To one of the "cheap series" the above remarks do not apply. The "Franklin Square Library" is published by a house which makes a practice of paying for its English literary material, and which lays great stress upon "the courtesy of the trade." It is generally understood by the trade that this series was planned, not so much as a publishing investment, as for purposes of self-defence, and that it would in all probability not be continued after the necessity for self-defence had passed by. A good many of its numbers include works for which the usual English payments have been made, and it is very evident that, in this shape, books so paid for cannot secure a remunerative sale. It seems safe to conclude, therefore, that their publication is not, in the literal sense of the term, a business investment, and that the undertaking is not planned to be permanent.
A very considerable business in cheap reprints has also sprung up in Toronto, from which point are circulated throughout the Western States cheap editions of English works for the "advance sheets" and "American market," of which Eastern publishers have paid liberal prices. Some enterprising Canadian dealers have also taken advantage of the present confusion between the United States postal and customs regulations to build up a trade by supplying through the mails reprints of American copyright works, in editions which, being flimsily printed, and free of charge for copyright, can be sold at very moderate prices indeed.
It is very evident that, in the face of competition of this kind, the payments by American publishers to foreign writers of fiction must be materially diminished, or must cease altogether. These pamphlet series have, however, done a most important service in pointing out the absurdity of the present condition of literary property, and in emphasizing the need of an international copyright law. In connection with the change in the conditions of book-manufacturing before alluded to, they may be credited as having influenced a material modification of opinion on the part of publishers who have in years past opposed an international copyright as either inexpedient or unnecessary, but who are now quoted as ready to give their support to any practicable and equitable measure that may be proposed.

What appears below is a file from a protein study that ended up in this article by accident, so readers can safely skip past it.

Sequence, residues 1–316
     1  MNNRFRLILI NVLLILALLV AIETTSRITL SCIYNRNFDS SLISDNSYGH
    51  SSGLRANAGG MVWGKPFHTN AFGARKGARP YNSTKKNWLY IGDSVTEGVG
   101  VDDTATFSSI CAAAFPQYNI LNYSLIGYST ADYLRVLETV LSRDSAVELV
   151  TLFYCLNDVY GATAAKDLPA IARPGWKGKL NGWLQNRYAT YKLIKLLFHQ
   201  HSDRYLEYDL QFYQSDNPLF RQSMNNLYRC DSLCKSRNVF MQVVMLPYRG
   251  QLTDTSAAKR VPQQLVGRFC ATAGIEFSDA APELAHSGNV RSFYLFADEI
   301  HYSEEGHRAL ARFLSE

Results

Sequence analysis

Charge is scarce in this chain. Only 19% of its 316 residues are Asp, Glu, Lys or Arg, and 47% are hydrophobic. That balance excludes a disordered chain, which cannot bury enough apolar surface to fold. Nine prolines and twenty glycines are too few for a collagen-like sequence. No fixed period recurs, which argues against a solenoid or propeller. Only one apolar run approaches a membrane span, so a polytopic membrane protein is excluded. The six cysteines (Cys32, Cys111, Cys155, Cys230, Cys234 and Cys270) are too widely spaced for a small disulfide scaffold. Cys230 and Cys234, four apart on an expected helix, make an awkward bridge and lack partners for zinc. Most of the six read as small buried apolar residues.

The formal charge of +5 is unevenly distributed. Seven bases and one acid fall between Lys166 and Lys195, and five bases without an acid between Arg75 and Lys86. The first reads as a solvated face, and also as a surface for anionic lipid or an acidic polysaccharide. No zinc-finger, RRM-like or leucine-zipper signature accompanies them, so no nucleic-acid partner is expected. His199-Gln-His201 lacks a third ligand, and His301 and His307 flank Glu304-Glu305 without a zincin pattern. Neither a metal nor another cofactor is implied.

I have endeavored to give in the foregoing pages an outline sketch of the history and present position of the question of international copyright, and to briefly indicate some of the relations in which it stands to ethics and political economy.
We may, I trust, be able, at no very distant period, to look back upon, as exploded fallacies of an antiquated barbarism, the beliefs that the material prosperity of a community can be assured by surrounding it with Chinese walls of restrictions to prevent it from purchasing in exchange for its own products its neighbors' goods, and that its moral and mental development can be furthered by the free exercise of the privilege of appropriating its neighbors' books.
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AS PROMOTING PEACE
GOOD WILL AMONG MEN.
A paper read before the New York Free Trade Club, Feb. 20, 1879, by Charles L. Brace.
To the moralist, Free Trade is not most of all important as a means of producing and distributing wealth, (though in that it be the most efficient) but rather as a portion of that movement of humanity which, receiving its greatest impulse eighteen centuries ago, has been steadily ever since removing prejudices, lightening burdens, doing away with abuses, and bringing together into one, different classes and peoples and races. Living under the influence of this great humane impulse, we do not enough remember what effects it has already accomplished, what slow but permanent victories it has won, and what it proves itself adapted to win in the centuries to come.
It will better show us what changes await the world in such parts of its progress as relate to Free Trade, to note, briefly, a few of the improvement wrought by the spirit of humanity and by right reason in Europe during the last thousand years.